By Elof Carlson
Fossils are relatively rare because most of the animals and plants that have died in nature have been eaten or decomposed. Fossils are often found in sedimentary rocks, and those dead organisms were buried after drowning, caught by volcanic ash, buried in a mudslide or sucked down by quicksand or some other event less likely than falling on a field or in the underbrush of a forest, or left as scattered bones by hungry predators. Only in the past few ten thousand years have humans buried their dead, improving the chances that their remains will someday be unearthed and studied by paleontologists.
Until the last half of the twentieth century, the only way to use human fossils to work out a historical association was through comparative anatomy and a variety of chemical and physical tools to determine the age of the sediments in which they were unearthed. The idea of a paleogenetics arose in 1963, with the use of that term by Linus Pauling and his colleagues, who studied the amino acid sequences in hemoglobin molecules of numerous organisms, from sipunculoid worms to humans, that use hemoglobin to carry oxygen to body tissues.
In 1964, the first sequence of fragments of the DNA of an extinct quagga were worked out using the skin of an extinct specimen in a museum. The quagga was an animal that looked like a chimera of giraffe and a zebra.
Once DNA sequencing was worked out, especially by Fred Sanger and his colleagues, viruses, bacteria, single-celled organisms, and then more complex worms and flies were sequenced. By 2000, the human genome was being worked out. Svante Pääbo and his colleagues are leaders in the working out of fossil human DNA.
This is what has been found so far. Four contenders for species status lived about 40,000 years ago. Three populations of humans arose after an initial origin in Africa. Of these three, the Neandertals (Homo neanderthalis) left Africa earlier than our own Homo sapiens. The Neandertals were named for the Neander river valley where they found in Germany. We were named by Linnaeus as Man (Homo) the Thinker (sapiens).
Two additional populations were found, one in western Siberia and the other in Indonesia. The Siberian humans are called Denisovans (Homo denisova). They were named for the Denis cave in which they were found and they also had an exit from Africa. The Indonesian humans are called Homo floresiensis and are named for the island Flores in Indonesia where they were found. Where they came from is not yet known. They are unusual for their small size, a Hobbit-like three- and-a-half feet tall.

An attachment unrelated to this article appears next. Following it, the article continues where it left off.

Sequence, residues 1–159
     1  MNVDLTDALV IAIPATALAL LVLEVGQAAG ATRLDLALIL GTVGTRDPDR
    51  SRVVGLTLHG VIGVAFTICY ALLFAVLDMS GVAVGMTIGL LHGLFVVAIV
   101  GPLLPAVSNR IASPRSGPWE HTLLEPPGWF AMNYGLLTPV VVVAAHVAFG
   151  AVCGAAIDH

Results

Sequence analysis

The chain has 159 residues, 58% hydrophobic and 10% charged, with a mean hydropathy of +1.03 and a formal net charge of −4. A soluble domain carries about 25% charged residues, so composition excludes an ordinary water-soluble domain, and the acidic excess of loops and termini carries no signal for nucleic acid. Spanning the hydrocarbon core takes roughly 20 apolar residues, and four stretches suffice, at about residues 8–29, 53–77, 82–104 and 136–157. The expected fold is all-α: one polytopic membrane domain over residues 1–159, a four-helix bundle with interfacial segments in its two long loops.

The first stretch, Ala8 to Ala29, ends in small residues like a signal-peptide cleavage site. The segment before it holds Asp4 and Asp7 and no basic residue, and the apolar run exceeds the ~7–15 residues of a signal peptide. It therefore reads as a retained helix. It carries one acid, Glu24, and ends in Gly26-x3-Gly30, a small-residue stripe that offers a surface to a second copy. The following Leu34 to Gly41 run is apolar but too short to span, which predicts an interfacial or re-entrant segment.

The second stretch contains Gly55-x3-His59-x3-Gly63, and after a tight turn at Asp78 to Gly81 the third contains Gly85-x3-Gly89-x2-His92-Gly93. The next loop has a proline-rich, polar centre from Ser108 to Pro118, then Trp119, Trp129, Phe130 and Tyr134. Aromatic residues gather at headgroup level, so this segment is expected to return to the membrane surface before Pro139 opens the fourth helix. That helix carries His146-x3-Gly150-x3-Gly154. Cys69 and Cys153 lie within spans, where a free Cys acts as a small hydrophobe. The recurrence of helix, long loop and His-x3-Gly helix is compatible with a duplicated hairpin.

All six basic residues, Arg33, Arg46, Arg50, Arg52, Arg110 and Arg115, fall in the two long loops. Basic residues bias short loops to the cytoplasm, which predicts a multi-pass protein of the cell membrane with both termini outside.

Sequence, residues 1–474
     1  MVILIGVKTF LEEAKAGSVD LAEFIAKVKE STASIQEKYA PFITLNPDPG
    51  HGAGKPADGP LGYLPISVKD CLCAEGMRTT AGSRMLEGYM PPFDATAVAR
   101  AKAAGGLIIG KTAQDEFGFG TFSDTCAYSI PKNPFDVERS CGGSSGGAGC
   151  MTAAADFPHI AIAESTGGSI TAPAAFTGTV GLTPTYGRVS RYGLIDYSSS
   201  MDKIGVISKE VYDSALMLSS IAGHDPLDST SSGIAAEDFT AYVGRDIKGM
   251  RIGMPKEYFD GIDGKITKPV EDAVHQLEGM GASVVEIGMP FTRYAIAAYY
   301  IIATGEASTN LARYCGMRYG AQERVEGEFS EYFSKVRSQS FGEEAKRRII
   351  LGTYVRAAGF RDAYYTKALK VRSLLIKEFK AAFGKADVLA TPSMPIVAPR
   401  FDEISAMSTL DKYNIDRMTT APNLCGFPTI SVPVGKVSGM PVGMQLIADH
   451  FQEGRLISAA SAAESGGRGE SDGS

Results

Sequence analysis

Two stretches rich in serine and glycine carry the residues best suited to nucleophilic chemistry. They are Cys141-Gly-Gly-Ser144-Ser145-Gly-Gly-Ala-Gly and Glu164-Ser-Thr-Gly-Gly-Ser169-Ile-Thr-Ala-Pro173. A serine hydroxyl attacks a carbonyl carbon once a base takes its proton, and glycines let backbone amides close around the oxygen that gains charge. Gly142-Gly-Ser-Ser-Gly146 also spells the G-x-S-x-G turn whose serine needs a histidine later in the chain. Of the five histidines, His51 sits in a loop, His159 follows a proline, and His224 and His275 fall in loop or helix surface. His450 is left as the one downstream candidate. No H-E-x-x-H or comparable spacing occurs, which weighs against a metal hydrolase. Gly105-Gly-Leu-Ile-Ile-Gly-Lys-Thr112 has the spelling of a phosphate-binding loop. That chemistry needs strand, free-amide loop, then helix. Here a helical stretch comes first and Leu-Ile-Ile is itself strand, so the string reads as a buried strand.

The DNAs of three forms of humanity have been sequenced. The complete sequence of DNA of an organism’s cell is called a genome. The Indonesian form went extinct about 12,000 years ago, but no DNA has been extracted from their remains. Neandertals and Denisovans went extinct about 40,000 years ago.
Analysis of the three available genomes shows that most Europeans have about 4 percent Neandertal DNA. Living people in Melanesia and Australian aborigines have about 4 percent H. denisova DNA. About 17 percent of Denisovan DNA is from Neandertals. The human branch Homo bifurcated and one branch split into H. neanderthalis and H. denisova. The other branch from Homo produced us, H. sapiens. We are 99.7 percent alike for H. sapiens and H. neanderthalis.
Since we have 3 billion nucleotides to our genome, there remain 9 million mutations between us, most of it in our junk DNA. There are, nevertheless, hundreds of gene differences between our two species. It also means that where these populations came into contact, fertile matings occurred, and remain in our DNA from our ancestral “kissing cousins.”
Elof Axel Carlson is a distinguished teaching professor emeritus in the Department of Biochemistry and Cell Biology at Stony Brook University.